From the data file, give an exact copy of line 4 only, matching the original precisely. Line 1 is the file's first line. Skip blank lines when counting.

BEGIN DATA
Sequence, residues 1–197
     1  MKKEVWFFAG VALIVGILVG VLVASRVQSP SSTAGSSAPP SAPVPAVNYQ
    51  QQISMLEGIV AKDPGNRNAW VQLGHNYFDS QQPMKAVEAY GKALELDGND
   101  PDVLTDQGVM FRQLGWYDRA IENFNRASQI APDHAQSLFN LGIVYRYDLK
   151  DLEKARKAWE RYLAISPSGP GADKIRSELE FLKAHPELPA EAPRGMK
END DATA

   101  PDVLTDQGVM FRQLGWYDRA IENFNRASQI APDHAQSLFN LGIVYRYDLK